Wednesday, November 13, 2013

Game Architecture and Networking, Part 2

In this post I will talk in more detail about my game architecture and how the networking is realized in it. For the basics of my architecture, see these two old blog posts from last year:
Parallel Game Architecture, Part 1
Parallel Game Architecture, Part 2
In short, my architecture consists of 6 subsystems which all work on their own copy of a subset of game data. Because they work on a copy, they can be updated concurrently. If a subsystem changes its game data copy, it has to queue the change up in the change manager. After all subsystems are finished updating, the change manager distributes the changes to the other subsystems. Right now my engine has the following 6 subsystems:
  • Input: responsible for reading the input from the gamepad or keyboard
  • Physic: collision detection and physical simulation of the world (uses Jitter Physics Engine)
  • Graphic and Audio: uses the SunBurn Engine and Mercury Particle Engine
  • LevelLogic: responsible for checking winning/losing conditions, creating/destroying objects, and so on
  • Networking: communicate with other peers over the network
  • AI: calculates the InputActions for not human controlled game entities (allies, enemies, homing missiles, ...)
In the picture below you can see how a player controllable game entity (for example the player's space ship) is represented in the game architecture. Every box equates to an object in the specific subsystem.
Representation of a player controllable entity on the host and a client system. The numbers in the white circles show the latency in number of frames.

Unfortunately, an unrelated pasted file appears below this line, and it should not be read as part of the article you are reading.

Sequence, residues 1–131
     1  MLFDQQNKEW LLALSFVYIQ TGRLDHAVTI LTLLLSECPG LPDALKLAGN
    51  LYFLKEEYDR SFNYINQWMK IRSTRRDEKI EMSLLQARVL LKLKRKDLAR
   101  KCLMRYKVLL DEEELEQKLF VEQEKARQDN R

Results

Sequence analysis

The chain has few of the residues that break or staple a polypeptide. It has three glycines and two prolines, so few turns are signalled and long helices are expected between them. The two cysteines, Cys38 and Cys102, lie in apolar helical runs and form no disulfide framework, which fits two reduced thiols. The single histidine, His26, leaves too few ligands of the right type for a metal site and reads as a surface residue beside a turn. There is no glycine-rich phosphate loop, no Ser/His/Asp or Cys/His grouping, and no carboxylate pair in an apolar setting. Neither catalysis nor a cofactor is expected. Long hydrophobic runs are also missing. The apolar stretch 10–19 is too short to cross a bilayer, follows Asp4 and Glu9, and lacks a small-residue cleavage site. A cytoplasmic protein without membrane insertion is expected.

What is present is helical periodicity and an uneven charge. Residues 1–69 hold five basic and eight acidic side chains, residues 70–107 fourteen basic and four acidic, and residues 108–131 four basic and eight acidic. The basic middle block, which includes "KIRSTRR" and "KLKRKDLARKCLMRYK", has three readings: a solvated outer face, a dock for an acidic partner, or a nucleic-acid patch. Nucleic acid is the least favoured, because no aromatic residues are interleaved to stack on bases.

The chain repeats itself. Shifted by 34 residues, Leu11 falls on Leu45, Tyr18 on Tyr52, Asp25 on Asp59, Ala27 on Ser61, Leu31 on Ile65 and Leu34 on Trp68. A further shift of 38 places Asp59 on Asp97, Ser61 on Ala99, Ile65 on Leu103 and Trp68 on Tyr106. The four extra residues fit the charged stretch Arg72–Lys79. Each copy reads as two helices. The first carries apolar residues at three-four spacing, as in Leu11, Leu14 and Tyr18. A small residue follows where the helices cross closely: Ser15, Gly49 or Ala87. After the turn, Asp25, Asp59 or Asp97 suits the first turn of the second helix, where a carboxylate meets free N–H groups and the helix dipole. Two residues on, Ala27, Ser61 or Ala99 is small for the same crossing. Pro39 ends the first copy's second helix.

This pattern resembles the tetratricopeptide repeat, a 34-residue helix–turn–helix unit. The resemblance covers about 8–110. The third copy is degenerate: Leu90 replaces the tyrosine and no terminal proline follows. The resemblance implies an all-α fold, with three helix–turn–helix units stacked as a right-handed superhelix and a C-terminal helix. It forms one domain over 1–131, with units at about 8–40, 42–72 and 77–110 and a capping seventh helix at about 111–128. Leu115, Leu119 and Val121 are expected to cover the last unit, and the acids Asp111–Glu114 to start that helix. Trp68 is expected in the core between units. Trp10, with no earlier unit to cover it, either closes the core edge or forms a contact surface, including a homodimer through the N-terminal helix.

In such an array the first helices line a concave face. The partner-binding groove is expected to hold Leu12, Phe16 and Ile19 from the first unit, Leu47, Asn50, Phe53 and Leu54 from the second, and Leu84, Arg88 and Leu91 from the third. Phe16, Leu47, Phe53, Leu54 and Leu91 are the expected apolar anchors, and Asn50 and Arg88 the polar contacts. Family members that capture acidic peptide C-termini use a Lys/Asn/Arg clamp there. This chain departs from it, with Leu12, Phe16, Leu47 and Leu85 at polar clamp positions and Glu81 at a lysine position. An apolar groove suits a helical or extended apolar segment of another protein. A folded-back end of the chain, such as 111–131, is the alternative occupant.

In the input system the pressed buttons are read and translated to InputActions (Accelerate, Rotate, Fire Weapon, ...). Those InputActions are interpreted by the phyics-system which is the central subsystem of the engine. It informs the other system about the physical state of all the game entities like the current position, current acceleration, collisions and so on. These information are needed in the graphics and audio system to render the game entities models at the right position, play a sound and/or trigger a particle effect.

Host Side Networking
The networking system has to send the physical state of the game entities to all clients. For important game entities like player ships, this is done a few times per second, for ai objects much more infrequently, because ai objects behave more or less deterministically (iff the client and host are in sync!). There are some important physical state changes which trigger an immediate network send. For example, if the game entity is firing, we want to create the fired projectile on the clients as fast as possible, to minimize the divergence between the host-world and the client worlds.

Client Side Networking
On the client side, the networking system receives the physical state and calculates a prediction, based on the latency, the received velocity and current acceleration. In the next change distribution phase the current physical state in the physic-system is overwritten by the predicted physical state. Then it takes one more frame till the information is really visible on the client side. On the Xbox my game runs on average at 60 frames per second. This means, if a player fires her weapon this is seen at the earliest 66 ms (4 frames) + X ms later on another peer. X depends on the latency L and the point in time the network packet is received. If the packet is received after the networking system has already finished updating, the packet has to wait for the next frame till it gets processed.

The latency is a disadvantage of the game architecture. But it could be improved for example by merging the input system into the physics-system. A separate input system does not improve performance. But merging the two system would reduce the maintainability, therefor I have no plans doing this in the near future. Separation of concerns between the systems is really a big plus. You could even replace a system completely without affecting the other systems.
On importent part of my networking code is not finished yet: the interpolation. Right now the old physical state is simply overwritten by the new one received from the host. If the two states differ much, the movement of the game entity looks jerky. To solve this, the difference from the old to the new physical state can be evenly spread and applied over the next few frames.

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